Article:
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April 9, 2023 | Lawyers Have Much to Fear from AI Bots

Rick Ackerman

Rick Ackerman is the editor of Rick’s Picks, an online service geared to traders of stocks, options, index futures and commodities. His detailed trading strategies have appeared since the early 1990s in Black Box Forecasts, a newsletter he founded that originally was geared to professional option traders. Barron’s once labeled him an “intrepid trader” in a headline that alluded to his key role in solving a notorious pill-tampering case. He received a $200,000 reward when a conviction resulted, and the story was retold on TV’s FBI: The Untold Story. His professional background includes 12 years as a market maker in the pits of the Pacific Coast Exchange, three as an investigator with renowned San Francisco private eye Hal Lipset, seven as a reporter and newspaper editor, three as a columnist for the Sunday San Francisco Examiner, and two decades as a contributor to publications ranging from Barron’s to The Antiquarian Bookman to Fleet Street Letter and Utne Reader.

Anyone who has played around with ChatGPT knows that it is just dumb enough to succeed wildly. It harbors no opinions, grudges or wit, and it can talk a blue streak without saying anything interesting or exceptionable. Artificial intelligence seems particularly well suited to mimicking the rote tasks that lawyers charge clients hundreds or even thousands of dollars an hour to perform.  And not just churning out boilerplate, either. Put a voice-activated bot in a courtroom and, without a mote of prejudice, it will prosecute or defend whoever is in the docket by drawing on the vast library of U.S. jurisprudence. Will we even need judges to decide cases or instruct juries when machine intelligence can split hairs of legal precedent down to nearly inarguable singularity?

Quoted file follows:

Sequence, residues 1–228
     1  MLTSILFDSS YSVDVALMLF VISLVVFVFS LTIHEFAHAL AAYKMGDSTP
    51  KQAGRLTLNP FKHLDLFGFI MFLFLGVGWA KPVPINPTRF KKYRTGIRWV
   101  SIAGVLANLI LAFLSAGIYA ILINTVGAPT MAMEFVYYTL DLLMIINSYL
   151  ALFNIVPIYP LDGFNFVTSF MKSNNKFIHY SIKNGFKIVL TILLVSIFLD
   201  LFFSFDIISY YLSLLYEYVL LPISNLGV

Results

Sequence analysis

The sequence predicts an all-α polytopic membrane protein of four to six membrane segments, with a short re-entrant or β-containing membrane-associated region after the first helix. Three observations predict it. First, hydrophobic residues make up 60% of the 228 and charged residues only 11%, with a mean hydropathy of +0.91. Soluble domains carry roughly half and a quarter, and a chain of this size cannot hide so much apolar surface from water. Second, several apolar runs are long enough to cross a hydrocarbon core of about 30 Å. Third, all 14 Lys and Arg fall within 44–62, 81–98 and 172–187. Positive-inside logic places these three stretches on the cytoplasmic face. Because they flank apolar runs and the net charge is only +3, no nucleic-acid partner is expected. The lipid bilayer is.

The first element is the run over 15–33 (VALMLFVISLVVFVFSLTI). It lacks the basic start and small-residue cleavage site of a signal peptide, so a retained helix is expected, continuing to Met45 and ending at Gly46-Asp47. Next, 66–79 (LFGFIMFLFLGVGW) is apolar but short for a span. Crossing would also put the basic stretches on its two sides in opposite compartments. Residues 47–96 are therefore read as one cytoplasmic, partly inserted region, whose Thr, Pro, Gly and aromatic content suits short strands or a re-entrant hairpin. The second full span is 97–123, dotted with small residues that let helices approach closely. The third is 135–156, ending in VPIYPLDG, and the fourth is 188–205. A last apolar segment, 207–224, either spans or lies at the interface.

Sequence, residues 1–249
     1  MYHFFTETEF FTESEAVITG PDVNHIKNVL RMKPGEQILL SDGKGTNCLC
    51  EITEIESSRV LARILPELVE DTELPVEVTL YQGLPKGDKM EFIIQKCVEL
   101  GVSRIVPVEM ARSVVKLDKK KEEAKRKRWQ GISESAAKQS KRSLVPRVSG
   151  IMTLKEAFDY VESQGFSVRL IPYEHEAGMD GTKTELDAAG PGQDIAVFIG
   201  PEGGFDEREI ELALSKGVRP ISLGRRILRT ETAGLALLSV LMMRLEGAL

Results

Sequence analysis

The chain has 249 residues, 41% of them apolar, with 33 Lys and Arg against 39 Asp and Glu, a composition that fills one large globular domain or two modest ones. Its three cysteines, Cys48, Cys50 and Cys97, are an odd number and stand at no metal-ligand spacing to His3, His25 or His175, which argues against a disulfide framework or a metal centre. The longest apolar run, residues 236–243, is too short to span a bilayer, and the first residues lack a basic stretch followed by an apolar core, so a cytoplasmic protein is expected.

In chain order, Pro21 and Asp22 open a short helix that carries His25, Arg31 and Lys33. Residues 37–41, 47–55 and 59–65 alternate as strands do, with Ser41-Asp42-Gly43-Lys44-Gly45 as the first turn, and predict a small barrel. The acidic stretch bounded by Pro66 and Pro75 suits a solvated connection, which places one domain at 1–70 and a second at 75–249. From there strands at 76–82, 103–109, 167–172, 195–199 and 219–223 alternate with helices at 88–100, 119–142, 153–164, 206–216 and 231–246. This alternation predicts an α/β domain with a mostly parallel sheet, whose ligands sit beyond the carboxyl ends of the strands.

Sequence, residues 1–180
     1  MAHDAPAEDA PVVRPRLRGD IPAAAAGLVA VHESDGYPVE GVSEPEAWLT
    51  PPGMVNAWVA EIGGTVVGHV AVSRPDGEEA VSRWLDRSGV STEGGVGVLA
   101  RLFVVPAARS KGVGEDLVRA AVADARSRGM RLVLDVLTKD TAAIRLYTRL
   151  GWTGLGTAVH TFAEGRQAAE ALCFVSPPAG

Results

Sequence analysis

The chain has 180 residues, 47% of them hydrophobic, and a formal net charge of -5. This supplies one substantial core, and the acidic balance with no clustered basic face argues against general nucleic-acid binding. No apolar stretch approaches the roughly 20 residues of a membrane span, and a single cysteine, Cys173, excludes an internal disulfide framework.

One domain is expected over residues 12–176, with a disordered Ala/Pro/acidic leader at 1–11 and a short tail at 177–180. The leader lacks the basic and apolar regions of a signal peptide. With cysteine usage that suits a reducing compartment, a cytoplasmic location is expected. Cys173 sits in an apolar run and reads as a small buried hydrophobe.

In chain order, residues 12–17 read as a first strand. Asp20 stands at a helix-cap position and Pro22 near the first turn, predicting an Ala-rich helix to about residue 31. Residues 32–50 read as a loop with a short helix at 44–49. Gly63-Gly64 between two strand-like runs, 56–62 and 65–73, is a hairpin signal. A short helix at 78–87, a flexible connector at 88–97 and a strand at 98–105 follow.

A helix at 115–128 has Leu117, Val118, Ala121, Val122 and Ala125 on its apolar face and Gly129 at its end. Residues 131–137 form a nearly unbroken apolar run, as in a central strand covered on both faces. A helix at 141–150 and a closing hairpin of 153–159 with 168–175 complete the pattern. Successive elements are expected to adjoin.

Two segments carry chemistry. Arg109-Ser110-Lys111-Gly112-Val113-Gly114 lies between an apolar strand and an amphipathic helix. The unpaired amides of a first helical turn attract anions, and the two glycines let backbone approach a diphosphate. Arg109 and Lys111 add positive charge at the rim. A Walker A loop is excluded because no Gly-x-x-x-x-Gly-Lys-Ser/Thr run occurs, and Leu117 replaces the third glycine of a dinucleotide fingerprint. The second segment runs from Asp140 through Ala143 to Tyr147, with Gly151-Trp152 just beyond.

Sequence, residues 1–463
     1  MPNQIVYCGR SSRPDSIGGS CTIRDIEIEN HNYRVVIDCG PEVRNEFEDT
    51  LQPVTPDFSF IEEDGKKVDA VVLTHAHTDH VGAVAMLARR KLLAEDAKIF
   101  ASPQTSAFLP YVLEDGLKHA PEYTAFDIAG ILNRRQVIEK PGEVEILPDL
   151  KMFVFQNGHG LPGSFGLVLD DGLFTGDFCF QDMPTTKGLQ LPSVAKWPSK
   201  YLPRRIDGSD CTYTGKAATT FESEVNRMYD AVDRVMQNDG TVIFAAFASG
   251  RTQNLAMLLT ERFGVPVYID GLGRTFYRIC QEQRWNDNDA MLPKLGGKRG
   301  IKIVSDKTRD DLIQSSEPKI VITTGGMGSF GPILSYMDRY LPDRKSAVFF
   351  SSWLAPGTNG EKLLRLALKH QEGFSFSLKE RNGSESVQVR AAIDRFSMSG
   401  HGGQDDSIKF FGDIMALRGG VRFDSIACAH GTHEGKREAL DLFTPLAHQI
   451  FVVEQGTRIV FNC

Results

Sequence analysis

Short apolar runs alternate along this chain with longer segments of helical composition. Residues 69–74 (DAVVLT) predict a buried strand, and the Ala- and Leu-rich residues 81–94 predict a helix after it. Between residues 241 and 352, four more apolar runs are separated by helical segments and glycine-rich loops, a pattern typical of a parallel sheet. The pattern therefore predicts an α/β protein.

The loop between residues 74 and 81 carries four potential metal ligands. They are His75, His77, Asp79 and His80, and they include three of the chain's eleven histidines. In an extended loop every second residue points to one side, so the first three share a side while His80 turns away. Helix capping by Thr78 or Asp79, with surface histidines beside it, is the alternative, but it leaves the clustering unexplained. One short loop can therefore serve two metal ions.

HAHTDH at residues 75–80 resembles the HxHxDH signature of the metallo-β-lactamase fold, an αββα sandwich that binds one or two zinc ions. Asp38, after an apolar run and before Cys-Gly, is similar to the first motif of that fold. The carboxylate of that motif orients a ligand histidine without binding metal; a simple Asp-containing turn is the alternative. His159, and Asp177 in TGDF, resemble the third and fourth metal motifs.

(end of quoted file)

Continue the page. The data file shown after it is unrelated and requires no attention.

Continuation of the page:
These thoughts occurred to me as I reviewed a lawyer letter for which I had paid a South Florida attorney $1,000.  He made a novel argument concerning why I would be suing the officers of a particular company personally rather than corporately. Their lawyer responded with two thousand words that said, basically, you can’t do that, and here’s why.  These shysters would still be slinging legalese at each other for $450 an hour if I hadn’t pulled the plug on my guy.  I’d paid him $2500 as a retainer; his invoice — including time spent tallying up the bill! — was for $2469. The invoice was stamped ‘Paid in full’, but I had to remind him that he still owed me the $31 difference. Small wonder that lawyer jokes — surely you’ve heard the one about ‘no skid marks’ at the scene of an auto accident? — are so vicious.

The ABA’s Turf

There can be no doubt that a lawyerly version of ChatGPT will soon enable litigants to cut to the chase, and for much less than $450 an hour.  This will happen just as soon as the most aggressively entrepreneurial lawyers can come up with ways to screw their colleagues out of the hefty fees they’ve grown accustomed to collecting for doing little or nothing that a machine can’t already do better.  The entrepreneurs will have a field day dismantling whatever barriers a desperate American Bar Association throws up to defend their turf.  Buggy-whip manufacturers might as well have tried to thwart Henry Ford by picketing his Dearborn plant on opening day.

The dubious ability of even mediocre lawyers to earn a comfortable living spewing legalese is in its final days. As for young law school grads, they had better start looking for other ways to support a family. The day is not far off when no firm will hire them to do the kind of grunt work machines can perform as effectively and with lightning speed, even with AI barely out of its infancy.

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April 9th, 2023

Posted In: Rick's Picks

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